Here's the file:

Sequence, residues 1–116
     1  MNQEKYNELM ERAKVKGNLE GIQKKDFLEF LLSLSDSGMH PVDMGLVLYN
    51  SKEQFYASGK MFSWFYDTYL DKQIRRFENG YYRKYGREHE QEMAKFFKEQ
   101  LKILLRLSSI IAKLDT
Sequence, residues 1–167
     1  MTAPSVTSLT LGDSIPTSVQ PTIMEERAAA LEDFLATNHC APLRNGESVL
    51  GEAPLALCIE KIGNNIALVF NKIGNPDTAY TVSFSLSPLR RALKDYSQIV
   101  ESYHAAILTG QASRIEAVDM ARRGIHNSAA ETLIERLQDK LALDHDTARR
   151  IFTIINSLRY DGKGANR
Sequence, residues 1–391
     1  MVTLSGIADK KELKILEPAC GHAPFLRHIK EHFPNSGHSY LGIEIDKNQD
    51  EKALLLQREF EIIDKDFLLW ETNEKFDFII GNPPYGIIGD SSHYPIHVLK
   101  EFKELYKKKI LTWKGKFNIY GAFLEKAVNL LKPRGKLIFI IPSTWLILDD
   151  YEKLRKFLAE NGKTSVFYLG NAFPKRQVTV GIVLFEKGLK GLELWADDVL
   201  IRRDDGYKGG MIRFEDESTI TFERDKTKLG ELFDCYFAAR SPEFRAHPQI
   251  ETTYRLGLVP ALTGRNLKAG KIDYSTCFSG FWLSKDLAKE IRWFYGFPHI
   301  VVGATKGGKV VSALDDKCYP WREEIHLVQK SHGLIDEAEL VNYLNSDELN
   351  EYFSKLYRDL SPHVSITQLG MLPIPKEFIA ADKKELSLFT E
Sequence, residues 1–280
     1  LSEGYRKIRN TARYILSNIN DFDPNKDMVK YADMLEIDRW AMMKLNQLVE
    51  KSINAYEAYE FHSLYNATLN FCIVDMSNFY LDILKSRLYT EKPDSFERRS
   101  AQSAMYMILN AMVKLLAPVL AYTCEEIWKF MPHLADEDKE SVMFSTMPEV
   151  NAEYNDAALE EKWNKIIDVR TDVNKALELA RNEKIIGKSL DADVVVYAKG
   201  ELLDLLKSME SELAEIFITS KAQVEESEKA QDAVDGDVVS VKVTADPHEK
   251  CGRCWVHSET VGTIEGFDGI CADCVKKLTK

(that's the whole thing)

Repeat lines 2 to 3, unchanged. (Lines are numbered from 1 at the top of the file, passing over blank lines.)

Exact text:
     1  MNQEKYNELM ERAKVKGNLE GIQKKDFLEF LLSLSDSGMH PVDMGLVLYN
    51  SKEQFYASGK MFSWFYDTYL DKQIRRFENG YYRKYGREHE QEMAKFFKEQ